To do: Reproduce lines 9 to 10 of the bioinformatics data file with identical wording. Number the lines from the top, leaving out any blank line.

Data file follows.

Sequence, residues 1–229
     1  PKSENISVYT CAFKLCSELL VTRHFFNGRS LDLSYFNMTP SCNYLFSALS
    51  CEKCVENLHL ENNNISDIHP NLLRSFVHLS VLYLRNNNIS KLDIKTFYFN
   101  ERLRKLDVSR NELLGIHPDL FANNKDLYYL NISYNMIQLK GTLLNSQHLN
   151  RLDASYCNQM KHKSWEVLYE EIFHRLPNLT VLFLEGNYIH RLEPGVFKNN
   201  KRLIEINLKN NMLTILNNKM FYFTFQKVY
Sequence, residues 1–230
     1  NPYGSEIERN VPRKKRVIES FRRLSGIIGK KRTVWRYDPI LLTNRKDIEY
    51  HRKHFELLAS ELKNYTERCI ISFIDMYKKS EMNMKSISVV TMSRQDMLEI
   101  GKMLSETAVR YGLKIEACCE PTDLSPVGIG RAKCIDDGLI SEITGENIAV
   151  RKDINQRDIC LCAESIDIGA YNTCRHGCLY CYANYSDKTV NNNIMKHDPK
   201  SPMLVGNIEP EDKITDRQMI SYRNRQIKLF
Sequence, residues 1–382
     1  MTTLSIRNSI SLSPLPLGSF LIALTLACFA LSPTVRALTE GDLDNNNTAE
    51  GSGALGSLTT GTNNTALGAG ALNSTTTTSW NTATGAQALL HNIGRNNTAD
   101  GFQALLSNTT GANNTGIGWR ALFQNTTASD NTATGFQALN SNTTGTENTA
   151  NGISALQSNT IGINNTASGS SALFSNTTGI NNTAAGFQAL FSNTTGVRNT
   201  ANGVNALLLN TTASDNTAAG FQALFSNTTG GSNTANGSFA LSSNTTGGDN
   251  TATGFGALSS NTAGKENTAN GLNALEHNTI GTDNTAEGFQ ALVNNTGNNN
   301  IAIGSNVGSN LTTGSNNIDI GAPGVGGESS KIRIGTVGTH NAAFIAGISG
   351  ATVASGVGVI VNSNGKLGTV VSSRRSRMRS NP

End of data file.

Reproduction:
    51  HRKHFELLAS ELKNYTERCI ISFIDMYKKS EMNMKSISVV TMSRQDMLEI
   101  GKMLSETAVR YGLKIEACCE PTDLSPVGIG RAKCIDDGLI SEITGENIAV